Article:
The difficulties of teaching Arabs their own language

gOD, DIT the Koran, chose Arabic for its revelation because it is easy to understand. But many of the world’s 470 million Arabic speakers disagree. Almost 60% of ten-year-olds in Arabic-speaking countries (and Iran) have difficulty reading and understanding basic text, according to a World Bank report. Despite decades of investment in education, the Middle East and North Africa still suffer from what the report calls “learning poverty”. “School systems don’t see the importance of involving children in reading, or don’t know how,” says Hanada Taha-Thomure, one of the authors. “It creates a wedge between the children and their language. Many cannot read or write an essay.

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The root of the problem is bad teaching. Arabic lessons are boring and focus on tricky grammar. Classrooms often do not have printed material. Few schools have libraries. Teachers tend to lack “sufficient command of the language itself,” the report says. At universities in the region, Arabic departments, as well as those of religious studies, attract the lowest-rated students.

In Morocco, nearly 60% of teachers of ten-year-olds do not have higher education. Only Bahrain has a normal school specializing in the teaching of Arabic. Teachers tend to be traditionalists, sometimes resorting to beatings. Children “don’t like the Arabic language because not even 1% of teachers read stories to their students for fun,” said Ms. Taha-Thomure, professor at Zayed University in the United Arab Emirates (United Arab Emirates).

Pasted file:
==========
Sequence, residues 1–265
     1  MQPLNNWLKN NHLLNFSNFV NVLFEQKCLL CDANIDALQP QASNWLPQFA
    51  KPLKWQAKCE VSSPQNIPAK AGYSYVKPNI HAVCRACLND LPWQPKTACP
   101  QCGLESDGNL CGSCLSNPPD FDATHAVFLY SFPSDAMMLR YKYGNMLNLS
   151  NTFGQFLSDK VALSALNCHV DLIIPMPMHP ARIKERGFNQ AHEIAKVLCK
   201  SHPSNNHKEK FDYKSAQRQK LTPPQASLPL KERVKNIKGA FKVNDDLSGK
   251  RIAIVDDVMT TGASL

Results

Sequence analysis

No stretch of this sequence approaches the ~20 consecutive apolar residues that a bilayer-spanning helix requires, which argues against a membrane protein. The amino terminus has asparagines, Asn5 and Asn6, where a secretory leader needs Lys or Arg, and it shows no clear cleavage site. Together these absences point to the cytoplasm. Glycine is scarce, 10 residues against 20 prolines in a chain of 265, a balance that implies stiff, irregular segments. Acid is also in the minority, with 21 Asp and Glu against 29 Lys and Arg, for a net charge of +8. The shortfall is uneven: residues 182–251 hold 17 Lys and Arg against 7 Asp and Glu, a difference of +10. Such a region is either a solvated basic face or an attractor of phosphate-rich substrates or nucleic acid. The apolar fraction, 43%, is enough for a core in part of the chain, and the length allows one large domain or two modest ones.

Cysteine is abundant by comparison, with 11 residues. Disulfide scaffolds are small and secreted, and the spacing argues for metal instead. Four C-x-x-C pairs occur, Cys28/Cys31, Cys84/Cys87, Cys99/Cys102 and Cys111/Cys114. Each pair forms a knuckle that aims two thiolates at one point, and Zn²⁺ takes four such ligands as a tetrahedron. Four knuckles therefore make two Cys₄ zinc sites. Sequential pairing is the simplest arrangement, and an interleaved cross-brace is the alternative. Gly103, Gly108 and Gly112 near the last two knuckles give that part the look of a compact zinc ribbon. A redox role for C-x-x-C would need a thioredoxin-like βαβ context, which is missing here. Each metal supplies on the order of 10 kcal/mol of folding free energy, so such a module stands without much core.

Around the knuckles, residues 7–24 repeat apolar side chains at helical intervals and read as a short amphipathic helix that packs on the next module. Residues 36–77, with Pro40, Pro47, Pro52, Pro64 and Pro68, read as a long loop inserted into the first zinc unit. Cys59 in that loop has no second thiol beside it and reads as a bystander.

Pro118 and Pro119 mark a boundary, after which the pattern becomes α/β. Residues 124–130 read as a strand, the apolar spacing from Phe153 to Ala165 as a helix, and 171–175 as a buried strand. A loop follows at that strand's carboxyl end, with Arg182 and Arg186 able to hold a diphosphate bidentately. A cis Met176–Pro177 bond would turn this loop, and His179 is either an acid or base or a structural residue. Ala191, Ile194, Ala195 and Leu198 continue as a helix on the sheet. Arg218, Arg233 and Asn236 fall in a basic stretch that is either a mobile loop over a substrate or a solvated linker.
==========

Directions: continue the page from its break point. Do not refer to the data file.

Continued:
Some blame the language itself. Students learn Modern Standard Arabic (MSA), the official language of administration, but they grew up speaking an indigenous dialect. The dialect closest to MSA is spoken by Palestinians, but only about 60% of local jargon overlaps MSA. The Moroccan dialect diverges much more.

Adults often stumble over the written word too, so reading to children at bedtime is rare. Only about a quarter of Arabic-speaking parents often read to their children, compared to over 70% in much of the West. Reading for fun is widely viewed as essential to a child’s future success. But studies show that Arabic-speaking children do much less than Western children.

Arab education ministries are realizing the problem. Egypt has developed a wealth of online material to bypass traditionalists. The United Arab Emirates has started to equip classrooms with “reading corners”. In the Arab world, girls far outperform boys, in part because female teachers tend to be better. So Saudi Arabia defied the crisp clerics and let the women teach the boys (albeit separately from the girls). His Ministry of Education pierces the mystique of the sacred texts by distributing Japanese-style comics to all Saudi children over the age of ten, with superheroes speaking Arabic slang. “We are facing generations who do not speak the Arabic language,” says Essam Bukhary, the CEO from Manga Arabia, which produces the comics. “We want to promote reading as a hobby for the younger generations. “

Traditionalists tremble at such irreverent treatment of the sacred language. And Arab regimes fear the freedom of expression that a more liberal approach can inspire. Their censors are banning books as firmly as ever and making sure the papers all say the same thing. Many officials prefer to keep children disciplined by having them memorize what they are told, says Andrew Hammond, professor of Arabic culture at the University of Oxford. Otherwise, he said, they might start to think for themselves.

This article appeared in the Middle East and Africa section of the print edition under the headline “No Book at Bedtime”


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